Last November, on the day that 6.5 million Floridians voted to dramatically expand the state’s nascent medical marijuana program, the president of San Felasco Nurseries reported in federal financial filings that the Gainesville growery had just brought in a new partner.
For $6.375 million, a single unnamed investor purchased an undisclosed number of Class A shares in the business, one of only seven in the state permitted to grow and sell medical cannabis. That same day, a firm affiliated with Surterra Therapeutics, a license-holder in Southwest Florida, made the first of three late-year equity sales totaling $10.3 million.
The public filings — reflecting only a portion of the money flowing into Florida’s legal cannabis cultivators — offer a window into the rush preceding the coming boom, with predictions that the state’s patient registry will rise from 7,000 today to as many as 500,000. Just about all of the state’s operators either have recently raised money or are in the midst of a capital push, giving investors a chance to get in on the ground floor of an industry with budding potential.
But the timing is awkward.
As the money comes in, state lawmakers are crafting the parameters for Florida’s growing market, including the framework for future competition in cultivation, processing and distribution. There are no guarantees as to exactly what slice of the market investors are buying into, and the transactions — done with little transparency — are fueling skepticism about the capacity and wherewithal of the companies that could be left to carry Florida’s cannabis caseload for the foreseeable future.
“They are shopping ownership of the license,” said Louis Rotundo, a former lobbyist for the Florida Medical Cannabis Association now representing interested cannabis operators. “That tells me two things: They never should have been picked, and they’re not qualified applicants. If they had enough money they wouldn’t be shopping their licenses.”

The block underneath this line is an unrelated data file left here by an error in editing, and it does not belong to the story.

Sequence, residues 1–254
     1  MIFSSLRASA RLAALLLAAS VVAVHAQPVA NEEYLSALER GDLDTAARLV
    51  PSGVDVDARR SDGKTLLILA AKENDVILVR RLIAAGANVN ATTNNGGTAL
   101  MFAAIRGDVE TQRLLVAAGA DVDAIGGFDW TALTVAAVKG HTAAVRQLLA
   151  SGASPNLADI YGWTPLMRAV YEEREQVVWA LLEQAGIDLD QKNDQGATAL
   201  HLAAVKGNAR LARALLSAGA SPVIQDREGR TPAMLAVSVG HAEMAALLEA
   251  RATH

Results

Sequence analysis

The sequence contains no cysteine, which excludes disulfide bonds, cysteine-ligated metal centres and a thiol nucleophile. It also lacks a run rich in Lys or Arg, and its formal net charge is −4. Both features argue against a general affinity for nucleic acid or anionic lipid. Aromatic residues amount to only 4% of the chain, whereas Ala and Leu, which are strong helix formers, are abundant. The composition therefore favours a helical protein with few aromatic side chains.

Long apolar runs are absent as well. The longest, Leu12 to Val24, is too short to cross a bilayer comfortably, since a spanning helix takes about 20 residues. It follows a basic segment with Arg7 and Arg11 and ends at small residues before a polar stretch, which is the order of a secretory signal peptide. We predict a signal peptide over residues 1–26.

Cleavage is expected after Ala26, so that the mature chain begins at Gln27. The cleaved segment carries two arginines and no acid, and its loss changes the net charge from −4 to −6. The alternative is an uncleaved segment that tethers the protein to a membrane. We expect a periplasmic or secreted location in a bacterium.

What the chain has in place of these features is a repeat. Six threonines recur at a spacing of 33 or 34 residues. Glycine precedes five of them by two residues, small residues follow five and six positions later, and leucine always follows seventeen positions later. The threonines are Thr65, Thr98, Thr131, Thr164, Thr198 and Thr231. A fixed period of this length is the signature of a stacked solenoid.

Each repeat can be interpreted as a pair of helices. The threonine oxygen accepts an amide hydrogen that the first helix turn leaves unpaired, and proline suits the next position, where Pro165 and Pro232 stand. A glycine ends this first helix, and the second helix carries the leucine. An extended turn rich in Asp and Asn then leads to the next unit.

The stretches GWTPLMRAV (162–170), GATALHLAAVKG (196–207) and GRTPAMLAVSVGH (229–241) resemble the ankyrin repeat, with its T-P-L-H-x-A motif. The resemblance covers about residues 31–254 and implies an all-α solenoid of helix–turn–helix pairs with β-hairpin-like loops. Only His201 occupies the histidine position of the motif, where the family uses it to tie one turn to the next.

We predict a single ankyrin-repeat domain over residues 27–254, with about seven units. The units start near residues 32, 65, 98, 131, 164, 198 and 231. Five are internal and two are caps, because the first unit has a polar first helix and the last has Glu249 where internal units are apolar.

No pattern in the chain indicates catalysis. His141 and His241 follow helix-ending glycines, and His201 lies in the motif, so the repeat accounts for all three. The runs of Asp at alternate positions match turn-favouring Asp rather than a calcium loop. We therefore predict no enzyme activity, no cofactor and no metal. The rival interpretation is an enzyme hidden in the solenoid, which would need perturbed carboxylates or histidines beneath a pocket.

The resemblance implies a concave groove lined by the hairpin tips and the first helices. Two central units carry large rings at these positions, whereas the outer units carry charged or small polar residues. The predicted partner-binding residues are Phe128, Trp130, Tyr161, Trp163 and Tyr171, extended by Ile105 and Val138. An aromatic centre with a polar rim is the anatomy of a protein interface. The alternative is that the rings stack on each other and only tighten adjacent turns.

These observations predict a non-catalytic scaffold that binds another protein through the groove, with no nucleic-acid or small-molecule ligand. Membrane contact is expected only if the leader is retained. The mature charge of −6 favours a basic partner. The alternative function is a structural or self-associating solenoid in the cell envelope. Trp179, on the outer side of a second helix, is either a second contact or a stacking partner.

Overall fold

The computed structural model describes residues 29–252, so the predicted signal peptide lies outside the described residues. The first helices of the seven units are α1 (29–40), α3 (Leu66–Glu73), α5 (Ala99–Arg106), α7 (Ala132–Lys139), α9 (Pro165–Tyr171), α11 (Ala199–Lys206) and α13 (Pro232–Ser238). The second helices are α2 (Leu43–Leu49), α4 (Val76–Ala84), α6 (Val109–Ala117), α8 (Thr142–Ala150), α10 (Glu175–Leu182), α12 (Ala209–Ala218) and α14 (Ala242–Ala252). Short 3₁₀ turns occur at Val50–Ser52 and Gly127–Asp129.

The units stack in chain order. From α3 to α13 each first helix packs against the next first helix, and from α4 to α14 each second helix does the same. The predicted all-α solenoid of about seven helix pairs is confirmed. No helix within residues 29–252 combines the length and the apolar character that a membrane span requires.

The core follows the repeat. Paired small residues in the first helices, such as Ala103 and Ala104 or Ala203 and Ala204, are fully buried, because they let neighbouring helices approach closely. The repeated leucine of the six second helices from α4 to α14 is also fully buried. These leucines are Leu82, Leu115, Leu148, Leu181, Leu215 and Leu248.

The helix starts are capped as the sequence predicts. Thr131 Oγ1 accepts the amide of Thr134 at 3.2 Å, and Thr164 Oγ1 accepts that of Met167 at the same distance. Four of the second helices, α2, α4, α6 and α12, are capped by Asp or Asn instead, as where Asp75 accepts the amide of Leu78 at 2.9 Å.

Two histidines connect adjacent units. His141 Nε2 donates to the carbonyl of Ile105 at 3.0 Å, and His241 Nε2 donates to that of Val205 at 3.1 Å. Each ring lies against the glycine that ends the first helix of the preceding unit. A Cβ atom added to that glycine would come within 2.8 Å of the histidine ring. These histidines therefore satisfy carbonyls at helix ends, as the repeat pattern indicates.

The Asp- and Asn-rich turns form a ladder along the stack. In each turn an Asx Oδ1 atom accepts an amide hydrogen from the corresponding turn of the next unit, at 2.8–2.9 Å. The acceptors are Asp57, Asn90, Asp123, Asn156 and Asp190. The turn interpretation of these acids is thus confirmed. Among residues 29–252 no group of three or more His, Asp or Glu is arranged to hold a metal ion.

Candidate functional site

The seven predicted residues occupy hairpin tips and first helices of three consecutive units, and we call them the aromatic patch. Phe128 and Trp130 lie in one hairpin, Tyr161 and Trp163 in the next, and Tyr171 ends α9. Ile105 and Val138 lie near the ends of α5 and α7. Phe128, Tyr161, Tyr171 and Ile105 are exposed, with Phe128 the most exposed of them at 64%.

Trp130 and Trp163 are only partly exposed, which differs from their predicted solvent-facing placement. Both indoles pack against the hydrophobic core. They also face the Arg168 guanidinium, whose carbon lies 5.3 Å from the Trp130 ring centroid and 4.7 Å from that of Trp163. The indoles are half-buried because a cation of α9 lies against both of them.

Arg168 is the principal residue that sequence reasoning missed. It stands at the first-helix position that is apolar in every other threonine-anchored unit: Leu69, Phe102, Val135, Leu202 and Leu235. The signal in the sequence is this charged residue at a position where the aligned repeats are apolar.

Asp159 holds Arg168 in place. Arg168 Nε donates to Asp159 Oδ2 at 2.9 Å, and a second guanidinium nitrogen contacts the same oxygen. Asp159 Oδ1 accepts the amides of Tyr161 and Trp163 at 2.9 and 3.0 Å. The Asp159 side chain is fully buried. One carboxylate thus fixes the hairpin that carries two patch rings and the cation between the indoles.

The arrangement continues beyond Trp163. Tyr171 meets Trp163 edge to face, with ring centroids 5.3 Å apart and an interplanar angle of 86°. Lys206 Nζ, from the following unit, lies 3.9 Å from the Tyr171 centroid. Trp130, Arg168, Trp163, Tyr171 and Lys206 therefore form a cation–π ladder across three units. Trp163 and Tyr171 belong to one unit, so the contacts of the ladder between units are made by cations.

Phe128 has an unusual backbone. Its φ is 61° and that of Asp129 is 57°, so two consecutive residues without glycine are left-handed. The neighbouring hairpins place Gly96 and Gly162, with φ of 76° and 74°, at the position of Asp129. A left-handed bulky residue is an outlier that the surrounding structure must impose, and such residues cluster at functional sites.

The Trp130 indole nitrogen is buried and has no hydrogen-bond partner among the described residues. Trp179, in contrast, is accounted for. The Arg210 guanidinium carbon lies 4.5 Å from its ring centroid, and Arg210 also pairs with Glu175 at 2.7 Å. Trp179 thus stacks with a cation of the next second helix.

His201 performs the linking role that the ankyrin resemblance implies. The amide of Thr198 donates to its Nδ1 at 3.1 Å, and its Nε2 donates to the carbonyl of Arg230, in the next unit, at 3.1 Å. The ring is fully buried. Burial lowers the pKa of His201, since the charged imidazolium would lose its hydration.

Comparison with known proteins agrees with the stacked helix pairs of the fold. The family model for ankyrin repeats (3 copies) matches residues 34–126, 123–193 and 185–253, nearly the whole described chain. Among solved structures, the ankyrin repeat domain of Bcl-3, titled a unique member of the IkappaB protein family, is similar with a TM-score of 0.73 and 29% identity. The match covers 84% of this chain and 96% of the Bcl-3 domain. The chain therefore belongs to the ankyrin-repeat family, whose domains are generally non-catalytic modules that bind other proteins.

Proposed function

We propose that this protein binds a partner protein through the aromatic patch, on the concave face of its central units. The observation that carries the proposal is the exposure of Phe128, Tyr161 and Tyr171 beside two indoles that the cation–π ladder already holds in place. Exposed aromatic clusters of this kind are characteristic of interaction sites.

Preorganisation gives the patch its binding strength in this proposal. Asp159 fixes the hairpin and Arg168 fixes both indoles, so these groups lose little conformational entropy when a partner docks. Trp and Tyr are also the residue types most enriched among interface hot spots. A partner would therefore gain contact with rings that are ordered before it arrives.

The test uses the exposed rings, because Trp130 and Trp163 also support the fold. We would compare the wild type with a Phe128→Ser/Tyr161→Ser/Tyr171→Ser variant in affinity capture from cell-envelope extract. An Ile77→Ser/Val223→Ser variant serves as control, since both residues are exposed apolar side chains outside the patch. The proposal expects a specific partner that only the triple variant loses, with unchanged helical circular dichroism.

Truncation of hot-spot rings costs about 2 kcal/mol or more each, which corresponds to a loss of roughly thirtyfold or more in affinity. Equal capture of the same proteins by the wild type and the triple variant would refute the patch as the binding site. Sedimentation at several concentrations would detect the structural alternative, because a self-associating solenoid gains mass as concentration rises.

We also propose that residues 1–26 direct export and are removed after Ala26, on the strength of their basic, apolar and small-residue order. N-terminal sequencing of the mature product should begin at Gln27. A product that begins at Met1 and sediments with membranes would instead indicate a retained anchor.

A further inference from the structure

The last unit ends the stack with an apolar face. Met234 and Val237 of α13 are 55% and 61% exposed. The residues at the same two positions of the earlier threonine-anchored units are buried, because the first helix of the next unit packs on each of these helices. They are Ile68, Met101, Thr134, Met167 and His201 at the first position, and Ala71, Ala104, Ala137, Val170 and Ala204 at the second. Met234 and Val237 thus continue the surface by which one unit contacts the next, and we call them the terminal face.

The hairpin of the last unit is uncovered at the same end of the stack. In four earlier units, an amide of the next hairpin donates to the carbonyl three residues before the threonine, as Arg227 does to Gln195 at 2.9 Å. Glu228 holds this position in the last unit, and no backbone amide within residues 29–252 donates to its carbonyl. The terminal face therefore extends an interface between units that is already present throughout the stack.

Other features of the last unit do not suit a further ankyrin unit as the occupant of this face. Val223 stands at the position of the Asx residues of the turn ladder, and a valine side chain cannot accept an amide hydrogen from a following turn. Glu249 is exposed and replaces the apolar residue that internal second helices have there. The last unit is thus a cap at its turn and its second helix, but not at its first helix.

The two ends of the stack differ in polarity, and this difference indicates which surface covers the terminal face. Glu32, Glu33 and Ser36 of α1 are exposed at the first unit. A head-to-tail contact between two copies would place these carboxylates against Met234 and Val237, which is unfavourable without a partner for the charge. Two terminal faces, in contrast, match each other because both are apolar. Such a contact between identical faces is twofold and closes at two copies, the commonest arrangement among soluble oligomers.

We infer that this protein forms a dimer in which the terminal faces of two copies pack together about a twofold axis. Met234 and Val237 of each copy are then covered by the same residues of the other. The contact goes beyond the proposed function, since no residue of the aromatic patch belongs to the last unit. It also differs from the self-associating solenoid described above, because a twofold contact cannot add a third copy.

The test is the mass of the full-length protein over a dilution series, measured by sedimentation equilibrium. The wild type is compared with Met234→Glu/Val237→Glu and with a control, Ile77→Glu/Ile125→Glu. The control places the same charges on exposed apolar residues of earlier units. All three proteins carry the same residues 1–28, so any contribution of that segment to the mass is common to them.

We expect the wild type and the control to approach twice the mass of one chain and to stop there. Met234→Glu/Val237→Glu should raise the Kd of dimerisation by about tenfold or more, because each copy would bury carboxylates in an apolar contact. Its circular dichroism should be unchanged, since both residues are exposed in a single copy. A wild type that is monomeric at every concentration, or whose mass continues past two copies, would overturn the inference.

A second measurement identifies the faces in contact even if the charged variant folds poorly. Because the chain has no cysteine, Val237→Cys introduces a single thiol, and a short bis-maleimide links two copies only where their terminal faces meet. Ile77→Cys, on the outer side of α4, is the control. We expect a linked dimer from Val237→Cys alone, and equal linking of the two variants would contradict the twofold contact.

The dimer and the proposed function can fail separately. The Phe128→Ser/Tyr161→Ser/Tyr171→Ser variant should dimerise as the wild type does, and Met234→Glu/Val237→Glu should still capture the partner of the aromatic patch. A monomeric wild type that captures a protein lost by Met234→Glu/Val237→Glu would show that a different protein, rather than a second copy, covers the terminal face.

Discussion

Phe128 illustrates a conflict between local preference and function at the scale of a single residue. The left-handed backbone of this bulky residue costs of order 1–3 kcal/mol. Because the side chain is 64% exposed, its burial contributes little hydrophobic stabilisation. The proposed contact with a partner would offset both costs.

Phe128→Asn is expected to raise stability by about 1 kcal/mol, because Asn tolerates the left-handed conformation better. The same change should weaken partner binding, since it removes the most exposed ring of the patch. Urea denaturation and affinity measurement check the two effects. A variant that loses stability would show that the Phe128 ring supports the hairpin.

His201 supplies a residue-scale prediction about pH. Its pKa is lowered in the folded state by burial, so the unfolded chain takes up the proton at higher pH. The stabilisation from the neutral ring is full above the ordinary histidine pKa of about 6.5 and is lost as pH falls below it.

Medical needs aside, the profit potential of Florida’s medical cannabis market is among the largest drivers of the interest and intrigue surrounding efforts to craft new law to regulate Amendment 2, which lets patients with debilitating medical conditions such as cancer, HIV/AIDS, epilepsy and post-traumatic stress disorder use cannabis.
Last year, U.S. consumers spent $6.7 billion on legal marijuana products, up a third from 2015, according to Arc view Market Research, an analytics arm of a firm that facilitates investment in legal marijuana markets. Arc view projects Florida’s market should hit $1.3 billion by 2021.
But most of the profits lie on the back end of the expansion. Right now, because of tight restrictions that will remain in place at least until the summer, marijuana consumption throughout the state isn’t enough to push dispensing organizations into the black. Florida’s cultivators say they’re losing money. At least a few are seeking debt investment.
“Do we expect to be profitable? Yes, absolutely. But I don’t know when that will be,” said Don Clifford, CEO of Polk County operator Grow Healthy. “Just to recover our costs is going to take significant time.”